How-Tos
Andrew Ousley

Photos, Videos, Website: The Tools You Need and How To Get Them

There are tools you need before you can do any sort of publicity or marketing around yourself and your music. The primary materials are photos, videos, audio recordings, a bio, and a website to tie them all together.

Articles
Marc Weidenbaum

Is the Printed Circuit Board a Form of Musical Notation?

Is the printed circuit board a form of musical notation? And even if it isn’t, what can one glean from all those diodes, the cryptic copper lines, the tiny landscapes of circuitry?

Articles
Frank J. Oteri

Future of Publishing and Music Education Debated plus Awards Announced at MPA Annual Meeting

The annual get together of members of the Music Publishers Association of the United States at the Redbury Hotel in New York City combined a luncheon, legal and copyright updates, lively panel discussions, and an award ceremony, and concluded with a cocktail hour.

Articles
New Music USA

New Music USA Announces Nine New Additions to the Impact Fund Cohort

The Impact Fund cohort is a group of 33 New York City-based ensembles, presenters, and venues tackling challenges facing the city’s new music community today, creating a vibrant public identity for the sector, building connections and collaborations, and finding innovative solutions to the need for increased performance and rehearsal space.

Articles
Frank J. Oteri

Composer Advocacy Notebook: Staying Focused on Next

Classical:NEXT has the potential to be the most viable international gathering place for open-minded music-focused people, despite its name.

Articles
Andrew Ousley

Top 10 Things to Know About Social Media Marketing

Social media can feel like a time drain for already busy musicians, but it will only become more important in the coming years to have your own following of supporters that you can communicate with directly. So get started or fine tune your efforts right now.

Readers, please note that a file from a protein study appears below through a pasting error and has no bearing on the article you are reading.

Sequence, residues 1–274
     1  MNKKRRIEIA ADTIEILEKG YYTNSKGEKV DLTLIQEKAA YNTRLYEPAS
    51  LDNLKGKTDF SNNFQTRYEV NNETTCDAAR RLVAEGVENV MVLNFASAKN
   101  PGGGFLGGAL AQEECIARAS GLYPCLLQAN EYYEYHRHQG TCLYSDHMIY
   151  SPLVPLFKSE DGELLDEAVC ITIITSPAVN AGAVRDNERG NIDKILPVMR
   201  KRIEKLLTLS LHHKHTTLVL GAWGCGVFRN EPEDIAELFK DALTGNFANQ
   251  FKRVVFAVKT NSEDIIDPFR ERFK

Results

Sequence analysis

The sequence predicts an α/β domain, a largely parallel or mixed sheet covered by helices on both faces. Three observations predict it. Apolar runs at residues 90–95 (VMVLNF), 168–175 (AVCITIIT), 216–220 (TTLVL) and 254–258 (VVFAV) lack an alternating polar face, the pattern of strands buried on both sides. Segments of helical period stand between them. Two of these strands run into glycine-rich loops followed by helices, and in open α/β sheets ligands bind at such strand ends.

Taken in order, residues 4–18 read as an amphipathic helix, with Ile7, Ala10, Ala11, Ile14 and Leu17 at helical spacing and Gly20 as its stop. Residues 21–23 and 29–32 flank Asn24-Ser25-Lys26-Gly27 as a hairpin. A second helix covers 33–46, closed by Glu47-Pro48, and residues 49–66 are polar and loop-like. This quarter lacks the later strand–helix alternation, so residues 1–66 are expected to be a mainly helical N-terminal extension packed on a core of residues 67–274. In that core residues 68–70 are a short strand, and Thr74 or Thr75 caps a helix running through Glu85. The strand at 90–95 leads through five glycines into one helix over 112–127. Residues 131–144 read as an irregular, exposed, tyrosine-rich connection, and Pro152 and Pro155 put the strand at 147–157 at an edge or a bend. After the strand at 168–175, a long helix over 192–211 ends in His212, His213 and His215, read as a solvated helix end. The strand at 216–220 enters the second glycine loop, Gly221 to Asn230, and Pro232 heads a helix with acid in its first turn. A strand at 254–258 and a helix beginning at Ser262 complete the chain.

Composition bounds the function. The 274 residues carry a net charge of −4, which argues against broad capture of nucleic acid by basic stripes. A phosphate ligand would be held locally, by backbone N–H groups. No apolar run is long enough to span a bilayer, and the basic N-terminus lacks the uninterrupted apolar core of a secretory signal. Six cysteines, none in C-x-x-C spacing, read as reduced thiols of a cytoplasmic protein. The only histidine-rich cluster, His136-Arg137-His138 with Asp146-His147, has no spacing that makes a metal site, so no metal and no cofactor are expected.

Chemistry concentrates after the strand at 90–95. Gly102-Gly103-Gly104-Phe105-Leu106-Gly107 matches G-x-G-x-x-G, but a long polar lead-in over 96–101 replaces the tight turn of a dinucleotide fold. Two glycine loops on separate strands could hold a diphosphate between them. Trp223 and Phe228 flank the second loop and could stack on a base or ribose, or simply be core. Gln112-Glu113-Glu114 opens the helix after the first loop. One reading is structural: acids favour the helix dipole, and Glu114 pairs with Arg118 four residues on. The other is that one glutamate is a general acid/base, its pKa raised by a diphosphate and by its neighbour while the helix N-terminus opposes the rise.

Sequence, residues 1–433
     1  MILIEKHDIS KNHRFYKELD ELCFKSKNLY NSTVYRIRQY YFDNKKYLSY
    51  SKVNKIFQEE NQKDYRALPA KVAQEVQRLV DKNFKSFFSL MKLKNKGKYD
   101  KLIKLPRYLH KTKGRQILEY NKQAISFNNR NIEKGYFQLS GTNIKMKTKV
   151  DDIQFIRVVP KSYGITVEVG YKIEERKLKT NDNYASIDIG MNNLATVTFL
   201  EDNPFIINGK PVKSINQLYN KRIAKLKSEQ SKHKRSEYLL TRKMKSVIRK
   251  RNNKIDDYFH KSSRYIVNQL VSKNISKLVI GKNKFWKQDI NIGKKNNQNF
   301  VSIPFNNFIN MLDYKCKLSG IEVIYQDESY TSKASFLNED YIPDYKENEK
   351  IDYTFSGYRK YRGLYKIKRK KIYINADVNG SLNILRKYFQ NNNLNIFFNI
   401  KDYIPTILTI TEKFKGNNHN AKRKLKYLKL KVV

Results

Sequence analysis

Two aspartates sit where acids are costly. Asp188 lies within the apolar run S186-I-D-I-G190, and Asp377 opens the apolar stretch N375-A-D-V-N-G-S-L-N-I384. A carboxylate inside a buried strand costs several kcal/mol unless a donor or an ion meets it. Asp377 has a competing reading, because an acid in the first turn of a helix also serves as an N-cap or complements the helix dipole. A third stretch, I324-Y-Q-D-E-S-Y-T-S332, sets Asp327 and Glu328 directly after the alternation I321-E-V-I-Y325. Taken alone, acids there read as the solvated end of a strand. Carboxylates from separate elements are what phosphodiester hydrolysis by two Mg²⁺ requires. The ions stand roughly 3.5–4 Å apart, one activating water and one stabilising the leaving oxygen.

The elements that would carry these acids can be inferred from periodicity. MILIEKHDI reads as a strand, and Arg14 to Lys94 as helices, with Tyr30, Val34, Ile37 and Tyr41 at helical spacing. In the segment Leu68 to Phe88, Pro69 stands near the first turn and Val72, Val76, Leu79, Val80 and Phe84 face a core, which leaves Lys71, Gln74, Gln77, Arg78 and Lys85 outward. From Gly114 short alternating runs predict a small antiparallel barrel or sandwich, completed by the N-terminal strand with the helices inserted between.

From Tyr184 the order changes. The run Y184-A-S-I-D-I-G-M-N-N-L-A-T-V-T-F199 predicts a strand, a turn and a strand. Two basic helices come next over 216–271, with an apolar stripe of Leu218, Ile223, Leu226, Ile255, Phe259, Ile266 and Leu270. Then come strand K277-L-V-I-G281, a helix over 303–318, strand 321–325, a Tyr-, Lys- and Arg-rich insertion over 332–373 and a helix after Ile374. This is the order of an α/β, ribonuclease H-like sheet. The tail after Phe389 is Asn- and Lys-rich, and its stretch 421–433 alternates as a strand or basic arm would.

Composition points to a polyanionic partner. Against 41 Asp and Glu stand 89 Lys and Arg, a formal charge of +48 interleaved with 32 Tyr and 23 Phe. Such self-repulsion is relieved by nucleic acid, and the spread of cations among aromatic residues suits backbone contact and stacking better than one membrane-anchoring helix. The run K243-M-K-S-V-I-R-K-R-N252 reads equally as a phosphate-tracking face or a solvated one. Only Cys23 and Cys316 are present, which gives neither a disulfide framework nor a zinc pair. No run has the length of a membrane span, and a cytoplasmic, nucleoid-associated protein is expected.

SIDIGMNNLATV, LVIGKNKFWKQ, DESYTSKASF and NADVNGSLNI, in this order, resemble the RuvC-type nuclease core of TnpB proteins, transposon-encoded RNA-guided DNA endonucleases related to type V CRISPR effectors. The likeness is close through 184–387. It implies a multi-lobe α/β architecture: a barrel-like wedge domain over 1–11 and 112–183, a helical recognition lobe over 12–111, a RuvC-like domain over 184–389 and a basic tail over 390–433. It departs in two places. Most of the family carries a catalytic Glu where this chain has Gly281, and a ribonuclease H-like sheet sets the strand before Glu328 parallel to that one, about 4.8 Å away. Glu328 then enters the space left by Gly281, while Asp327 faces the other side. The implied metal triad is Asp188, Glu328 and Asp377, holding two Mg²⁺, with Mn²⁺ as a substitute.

Articles
Marc Weidenbaum

Audio or It Didn’t Happen

Sometimes Marc Weidenbaum records sound: by writing about it. It’s not so much notating it as noting it, unpacking it, coming to understand how it works by investigating how it works.

Articles
Chris Sivak

So You Want To Host A Composition Competition

We all want to serve the act of making music, but Chris Sivak sometimes wonders if an organization might not be aware of how their competition guidelines inhibit what they’re setting out to do.

Articles
Andrew Ousley

The Basics of Publicity

Branding, media relations, and when to hire a publicist…

Articles
Frank J. Oteri

Sky Macklay: Why I Love Weird Contemporary Music

Sky Macklay is a highly conceptual composer who typically gets a flash of inspiration for a concept before she writes a single note. Sometimes it’s politically charged, like her Black Lives Matter-inspired choral work Sing Their Names or her provocative chamber opera whose three characters are two spermatozoa and a uterus. But other times it can be an investigation of a purely musical process–like a duo that’s simultaneously fast and slow or a relentless chain of cadences.